There is about an 800 year lag between global temp shifts and CO2 level shifts…. Falling/rising CO2 levels are a RESULT of global cooling/warming, not the cause….

jai mitchell
Reply to  SAMURAI
April 27, 2015 12:57 pm

your information is outdated, there has been comparisons with the NEEM ice core data and the lag time is significantly reduced. This is because the ice core data that you are talking about is from the southern hemisphere but he land-carbon effects occur in the northern hemisphere, since the milankovitch cycles operate opposite in the two hemispheres the temp and CO2 responses occur somewhat independently of each other. check it out.

Bryan A
Reply to  jai mitchell
April 27, 2015 2:15 pm

Looks more like a MANNifestation of Mikey’s left leg than a hockey stick

Reply to  Bryan A
April 27, 2015 4:38 pm

hide the decline works for jai- what trees? i didnt see any proxy that said that.. hehe

Pamela Gray
Reply to  jai mitchell
April 27, 2015 6:20 pm

Splicing differently calculated reconstructions with calculated averages from sensors is a Mannian trick. One of the reasons why reconstructions are not carried all the way to the present is that not all “treemometers” rise like a hocky stick at the end. Some do and some don’t. Mann solved this wicked problem by simply ending the reconstructions at a point in time before his proxies diverged from the sensor record. Your graph contains such a splice. Proxies (trees, shells, ice, etc) average temperatures naturally in their response to temperature changes. Sensors do not. That is a calculated average. The two data sources should never be displayed together. It is comparing apples to oranges and demonstrates the ultimate error in using two entirely different methods of creating “average” data and calling it one whole thing.
Bad graph. And if you think I am wrong, ask a mathematician if the two ways of developing a reconstruction (IE splicing trees, or ice, or clam shell rings, together with averaged daily temperature readings) is a valid and reliable method to demonstrate changes in temperature from ancient times to today.

April 27, 2015 10:44 am

While we’re looking at the Arctic, has there been a breakdown in satellite coverage?
The Sea Ice pages at Cryosphere ( have not been updated since April 12, 2015.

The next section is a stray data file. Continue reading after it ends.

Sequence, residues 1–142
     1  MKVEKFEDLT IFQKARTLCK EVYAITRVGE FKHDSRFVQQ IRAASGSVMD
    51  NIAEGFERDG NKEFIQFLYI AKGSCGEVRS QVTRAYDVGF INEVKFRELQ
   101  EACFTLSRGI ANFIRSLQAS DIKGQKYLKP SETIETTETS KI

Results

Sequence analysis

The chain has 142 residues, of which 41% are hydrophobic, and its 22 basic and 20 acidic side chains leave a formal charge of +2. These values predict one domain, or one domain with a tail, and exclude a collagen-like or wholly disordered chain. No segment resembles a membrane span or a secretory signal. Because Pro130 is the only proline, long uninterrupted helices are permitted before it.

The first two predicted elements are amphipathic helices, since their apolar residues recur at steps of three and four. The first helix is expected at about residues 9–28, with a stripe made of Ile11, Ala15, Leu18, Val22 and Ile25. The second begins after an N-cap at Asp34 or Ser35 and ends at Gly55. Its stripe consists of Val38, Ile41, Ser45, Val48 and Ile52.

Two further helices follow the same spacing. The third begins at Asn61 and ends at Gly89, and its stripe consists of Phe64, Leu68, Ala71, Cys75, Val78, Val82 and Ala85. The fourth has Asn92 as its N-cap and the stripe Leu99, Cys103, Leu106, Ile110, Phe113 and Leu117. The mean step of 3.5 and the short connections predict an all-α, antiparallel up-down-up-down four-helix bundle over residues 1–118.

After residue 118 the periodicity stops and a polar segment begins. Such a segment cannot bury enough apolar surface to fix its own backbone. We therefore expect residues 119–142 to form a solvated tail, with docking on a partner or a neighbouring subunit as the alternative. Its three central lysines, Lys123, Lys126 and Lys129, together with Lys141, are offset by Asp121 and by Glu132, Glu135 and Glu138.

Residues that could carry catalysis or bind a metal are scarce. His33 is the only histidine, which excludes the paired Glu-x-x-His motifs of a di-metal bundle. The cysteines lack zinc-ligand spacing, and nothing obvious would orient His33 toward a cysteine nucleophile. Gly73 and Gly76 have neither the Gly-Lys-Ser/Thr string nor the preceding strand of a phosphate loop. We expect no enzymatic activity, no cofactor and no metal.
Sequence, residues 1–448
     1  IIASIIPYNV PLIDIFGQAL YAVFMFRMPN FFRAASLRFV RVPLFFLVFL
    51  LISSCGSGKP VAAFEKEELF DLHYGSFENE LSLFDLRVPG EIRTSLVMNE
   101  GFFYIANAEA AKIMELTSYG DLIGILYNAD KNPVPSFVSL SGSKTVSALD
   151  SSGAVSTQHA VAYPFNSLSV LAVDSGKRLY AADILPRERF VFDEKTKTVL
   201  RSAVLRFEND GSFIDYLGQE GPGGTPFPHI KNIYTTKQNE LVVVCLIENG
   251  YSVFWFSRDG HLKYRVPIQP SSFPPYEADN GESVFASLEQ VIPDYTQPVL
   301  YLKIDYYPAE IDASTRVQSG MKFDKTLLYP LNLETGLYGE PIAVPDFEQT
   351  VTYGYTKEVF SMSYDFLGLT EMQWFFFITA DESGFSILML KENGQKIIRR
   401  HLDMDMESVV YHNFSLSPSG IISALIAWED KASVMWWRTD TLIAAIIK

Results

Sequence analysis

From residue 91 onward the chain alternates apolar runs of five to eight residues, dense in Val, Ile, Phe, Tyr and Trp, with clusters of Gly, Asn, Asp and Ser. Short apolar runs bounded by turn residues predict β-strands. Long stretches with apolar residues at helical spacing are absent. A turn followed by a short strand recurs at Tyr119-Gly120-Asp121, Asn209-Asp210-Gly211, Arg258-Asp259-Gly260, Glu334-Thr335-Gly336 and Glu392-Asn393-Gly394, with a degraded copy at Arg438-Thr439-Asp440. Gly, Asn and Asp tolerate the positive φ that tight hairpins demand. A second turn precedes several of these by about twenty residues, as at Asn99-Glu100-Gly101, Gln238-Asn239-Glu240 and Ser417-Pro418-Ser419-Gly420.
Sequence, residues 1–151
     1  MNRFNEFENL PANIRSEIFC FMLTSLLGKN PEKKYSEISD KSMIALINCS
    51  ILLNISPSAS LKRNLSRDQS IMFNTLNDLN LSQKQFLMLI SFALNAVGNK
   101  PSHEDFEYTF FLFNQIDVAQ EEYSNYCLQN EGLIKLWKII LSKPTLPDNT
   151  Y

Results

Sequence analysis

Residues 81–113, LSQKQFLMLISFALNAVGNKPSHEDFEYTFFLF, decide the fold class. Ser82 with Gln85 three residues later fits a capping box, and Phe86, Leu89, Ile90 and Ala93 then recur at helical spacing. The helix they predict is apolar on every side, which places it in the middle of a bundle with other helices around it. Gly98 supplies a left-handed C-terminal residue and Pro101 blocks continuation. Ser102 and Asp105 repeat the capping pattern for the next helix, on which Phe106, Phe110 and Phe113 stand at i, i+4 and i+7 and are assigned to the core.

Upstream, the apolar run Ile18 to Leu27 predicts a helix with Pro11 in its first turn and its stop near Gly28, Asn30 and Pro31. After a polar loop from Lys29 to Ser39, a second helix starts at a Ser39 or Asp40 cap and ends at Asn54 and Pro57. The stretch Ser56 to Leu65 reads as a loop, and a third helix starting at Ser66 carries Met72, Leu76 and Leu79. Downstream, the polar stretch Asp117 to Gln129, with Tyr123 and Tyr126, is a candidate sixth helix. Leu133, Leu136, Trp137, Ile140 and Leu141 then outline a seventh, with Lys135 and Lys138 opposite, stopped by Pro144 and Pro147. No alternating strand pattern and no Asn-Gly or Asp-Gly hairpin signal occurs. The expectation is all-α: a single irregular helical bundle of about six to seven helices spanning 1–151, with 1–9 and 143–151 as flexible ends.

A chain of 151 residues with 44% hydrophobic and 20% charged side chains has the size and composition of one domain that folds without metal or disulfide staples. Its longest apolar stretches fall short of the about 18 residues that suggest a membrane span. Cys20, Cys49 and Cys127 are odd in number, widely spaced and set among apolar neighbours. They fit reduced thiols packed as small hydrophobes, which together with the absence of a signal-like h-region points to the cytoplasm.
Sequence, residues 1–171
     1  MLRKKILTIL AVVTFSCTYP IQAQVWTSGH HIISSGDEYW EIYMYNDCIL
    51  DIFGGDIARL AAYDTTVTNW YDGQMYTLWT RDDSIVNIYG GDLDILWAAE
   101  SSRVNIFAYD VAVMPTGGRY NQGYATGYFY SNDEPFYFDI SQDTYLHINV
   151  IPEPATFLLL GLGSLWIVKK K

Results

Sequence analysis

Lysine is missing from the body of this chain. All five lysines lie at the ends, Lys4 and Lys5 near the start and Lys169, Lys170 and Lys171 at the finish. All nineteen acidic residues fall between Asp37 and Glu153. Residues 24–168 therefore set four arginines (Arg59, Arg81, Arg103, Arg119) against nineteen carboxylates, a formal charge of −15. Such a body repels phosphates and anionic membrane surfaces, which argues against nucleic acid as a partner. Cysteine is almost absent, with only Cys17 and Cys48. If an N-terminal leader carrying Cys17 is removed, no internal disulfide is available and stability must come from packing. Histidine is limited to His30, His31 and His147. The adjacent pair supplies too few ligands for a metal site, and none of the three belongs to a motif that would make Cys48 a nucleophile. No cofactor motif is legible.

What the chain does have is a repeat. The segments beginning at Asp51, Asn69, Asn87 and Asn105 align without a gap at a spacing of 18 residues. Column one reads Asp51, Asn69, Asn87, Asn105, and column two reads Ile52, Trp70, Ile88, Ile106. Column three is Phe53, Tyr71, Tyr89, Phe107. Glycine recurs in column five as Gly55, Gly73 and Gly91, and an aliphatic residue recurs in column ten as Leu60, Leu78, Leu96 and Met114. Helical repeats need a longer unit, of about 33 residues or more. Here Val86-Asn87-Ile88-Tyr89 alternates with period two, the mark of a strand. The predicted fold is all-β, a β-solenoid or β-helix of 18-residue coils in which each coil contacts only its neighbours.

Reply to  etudiant
April 27, 2015 11:02 am

EtuDiant– I can’t believe it’s been over 2 weeks since the last “daily” sea ice update..
I actually sent an e-mail to asking for the reason for the cessation, but, of course, no reply or explanation on their website…
I personally think it’s because the data is so bad for the CAGW alarmists, they’re trying to develop a new algorithm to lower the size of sea ice, but that’s just speculation…

Leonard Lane
Reply to  SAMURAI
April 27, 2015 4:08 pm

Samurai. Your suspicions are well founded. Several times in the past few years the national debt was flat for periods from weeks to months. The way Obama and his lapdog congress spend money how could the national debt stay constant (not increasing or decreasing, just constant) a clear sign that the government continues to fiddle with our data to suit their purposes.

Reply to  etudiant
April 27, 2015 3:38 pm

The satellite is on strike. It wants $15 USD per hour. I also have been checking every day and there seems to be no change forever. I like watching ice melt, and paint dry…

April 27, 2015 11:09 am

Increased greenhouse gas forcing of the climate increases positive AO/NAO. That would tend cause the Arctic to cool and not to warm.

Reply to  ulriclyons
April 27, 2015 11:10 am

tend to..

April 27, 2015 11:13 am

“However, if you allow your food to defrost, eventually bacteria will eat away at it, causing it to decompose and release carbon dioxide,” Stubbins said. “The same thing happens to permafrost when it thaws.”
I assume this is what happens at the end of every ice age.
The ground freezes for tens of thousands of years then it thaws out.

April 27, 2015 11:13 am

If it’s that bad, then the OCO-2 satellite should be seeing it. So I went to have a look and got this:

The OCO-2 Project has found an inconsistency in the radiometric calibration of v6 and v6r data. A correction is being tested …

Can’t be measuring enough anthropogenically generated CO2 so it has to be corrected.
But no, it’s worse than I thought:

The OCO-2 instrument is undergoing a routine decontamination.

Oops. Maybe some of the sneaky CO2 generating bacteria went for a ride on the satellite and it’s seeing double …

April 27, 2015 11:20 am

We’re living in an interglacial period – not that we have any experience living in such a period of time as this – so what’s its supposed to be like living in an interglacial period?

April 27, 2015 11:23 am

“scientists estimate there is two and a half times more carbon locked away in the Arctic deep freezer than there is in the atmosphere today.”
Be interesting to see this “estimation”. That would be a huge reservoir. The atmosphere is thought to hold about 700 Gt and the permafrost would be 1750 by their estimate. Unless it accumulated through successive interglacial cycles this number seems impossible because it is three times the 550 Gt thought to be currently stored in plant biomass over the entire planet today.

Leonard Lane
Reply to  gymnosperm
April 27, 2015 4:12 pm

Please don’t go around checking the alarmists numbers. You trying to cause trouble?

April 27, 2015 11:48 am

Sorry to butt in here Anthony, but you should have a look at James Delingpole’ s place.
He has a great link to an open letter to the Pope from the Cornwall Alliance which contains a “who’s who” of climate realists.
Not that I expect this initiative to make a blind bit of difference to this blinkered Pontiff.